It was neither surprising, nor climactic, but it was announced right off the bat in today’s budget address: the public service sector will receive cutbacks.
The Saskatchewan government is striving for a “smaller, more efficient public service,” said Rob Gantefoer in his budget speech this afternoon. The Wall
government wants to achieve efficiency by reducing the public service by 4 per cent in the coming year. The reduction comes as part of a four-year plan to eventually reduce the size of the public service by 15 per cent.
SFL president Larry Hubich and SGEU president Bob Bymoen. Photo by: Leila Beaudoin.
The public service commission is set to receive approximately $37 million if the budget holds true. Compared to 2009, this would be a $13 million reduction.
To Bob Bymoen, president of SGEU, trying to make the public service more efficient by cutting jobs is an “oxymoron.”
“The population is growing and the GDP is increasing. The role of the public service should grow with the GDP,” said Boeman.
“Smaller doesn’t necessarily mean more efficient and more effective,” said Saskatchewan Federation of Labour president Larry Hubich. “We see (these cuts) as an unnecessary attack on the people who actually deliver the service.”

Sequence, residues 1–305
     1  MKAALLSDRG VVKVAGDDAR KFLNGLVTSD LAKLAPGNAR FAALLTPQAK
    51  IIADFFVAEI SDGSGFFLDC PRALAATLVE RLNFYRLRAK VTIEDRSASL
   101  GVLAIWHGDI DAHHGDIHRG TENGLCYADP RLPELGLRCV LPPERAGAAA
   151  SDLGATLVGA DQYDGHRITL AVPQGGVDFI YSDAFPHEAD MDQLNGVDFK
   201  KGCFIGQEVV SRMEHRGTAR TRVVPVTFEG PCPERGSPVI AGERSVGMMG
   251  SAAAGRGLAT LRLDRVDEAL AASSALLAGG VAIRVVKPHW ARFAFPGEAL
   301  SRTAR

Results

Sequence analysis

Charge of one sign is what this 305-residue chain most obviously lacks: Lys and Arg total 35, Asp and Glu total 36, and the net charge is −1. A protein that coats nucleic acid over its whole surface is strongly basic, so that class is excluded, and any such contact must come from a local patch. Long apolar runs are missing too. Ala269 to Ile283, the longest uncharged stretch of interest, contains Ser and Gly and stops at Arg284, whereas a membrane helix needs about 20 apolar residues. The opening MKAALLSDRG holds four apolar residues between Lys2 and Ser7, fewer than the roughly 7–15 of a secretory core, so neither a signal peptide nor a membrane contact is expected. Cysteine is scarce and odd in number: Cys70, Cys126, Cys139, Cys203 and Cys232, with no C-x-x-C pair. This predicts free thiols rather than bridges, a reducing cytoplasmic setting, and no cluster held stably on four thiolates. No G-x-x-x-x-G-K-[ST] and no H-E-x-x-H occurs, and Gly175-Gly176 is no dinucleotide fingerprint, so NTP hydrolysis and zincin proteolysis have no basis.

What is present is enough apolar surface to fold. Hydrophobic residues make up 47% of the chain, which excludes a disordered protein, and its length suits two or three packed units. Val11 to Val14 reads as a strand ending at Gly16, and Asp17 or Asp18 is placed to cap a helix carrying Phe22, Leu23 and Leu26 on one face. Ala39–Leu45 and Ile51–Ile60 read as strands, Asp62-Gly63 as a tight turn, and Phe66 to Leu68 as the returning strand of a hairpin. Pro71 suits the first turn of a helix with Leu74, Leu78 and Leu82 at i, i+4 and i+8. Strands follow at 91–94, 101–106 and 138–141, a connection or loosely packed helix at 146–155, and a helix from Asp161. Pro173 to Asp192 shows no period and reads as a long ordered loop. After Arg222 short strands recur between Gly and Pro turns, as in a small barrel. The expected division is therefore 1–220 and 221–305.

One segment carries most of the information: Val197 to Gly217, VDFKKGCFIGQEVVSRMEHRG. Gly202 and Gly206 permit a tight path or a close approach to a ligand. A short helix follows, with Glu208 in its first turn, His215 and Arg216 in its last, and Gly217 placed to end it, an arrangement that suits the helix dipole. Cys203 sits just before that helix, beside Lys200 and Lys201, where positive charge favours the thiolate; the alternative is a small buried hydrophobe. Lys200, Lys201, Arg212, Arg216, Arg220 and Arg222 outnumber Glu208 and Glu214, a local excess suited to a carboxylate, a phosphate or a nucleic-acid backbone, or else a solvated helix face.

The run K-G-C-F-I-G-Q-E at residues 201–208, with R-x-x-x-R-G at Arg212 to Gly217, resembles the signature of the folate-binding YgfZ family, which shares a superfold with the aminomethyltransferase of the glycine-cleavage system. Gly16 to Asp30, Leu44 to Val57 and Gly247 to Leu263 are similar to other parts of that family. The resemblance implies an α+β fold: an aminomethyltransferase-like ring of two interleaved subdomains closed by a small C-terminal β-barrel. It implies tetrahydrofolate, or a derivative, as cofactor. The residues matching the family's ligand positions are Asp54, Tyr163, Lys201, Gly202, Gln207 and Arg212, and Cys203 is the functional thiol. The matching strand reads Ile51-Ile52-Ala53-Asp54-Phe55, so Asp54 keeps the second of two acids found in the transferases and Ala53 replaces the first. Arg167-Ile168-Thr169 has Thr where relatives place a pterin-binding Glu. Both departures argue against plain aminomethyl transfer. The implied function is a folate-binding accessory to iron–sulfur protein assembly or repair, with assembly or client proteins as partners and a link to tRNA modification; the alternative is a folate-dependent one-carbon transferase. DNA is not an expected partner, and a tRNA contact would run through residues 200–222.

Brad Wall said that a “leaner” government doesn’t mean fewer services will be available, however. “I’ve seen evidence in the Crowns and in health, where if we use our resources more effectively, if we adopt new techniques like ‘lean,’ we can actually do more with less,” said Wall.
The Ministry of Health will receive nearly 42 per cent of all government money in the coming year. As such, health workers will be worst affected by public service cuts, said opposition leader Dwain Lingenfelter.
“I understand why Brad is spinning the words ‘civil service’ – what we’re talking about is health cuts. In a department that’s already over-worked and under-staffed you’re really talking about longer waiting lists and less health service,” he said.
In the speech however, Gantefoer said the government will make the public service smaller and more efficient primarily by removing jobs that become vacant. “(Many workers) who retire or move to other opportunities will not be replaced,” said the minister of finance.
For critics, the Sask. Party’s approach to reducing the number of government workers is hypocritical. “He should try (cutting jobs) in his own office if (it’s) such a great theory,” said Lingenfelter.
Hubich echoed this: “Don’t tell me - show me. Unless you’re prepared to do what you’re advocating other people to do, then I think you’ve got a lot to explain.”
The executive council budget remains pretty much unchanged from 2009.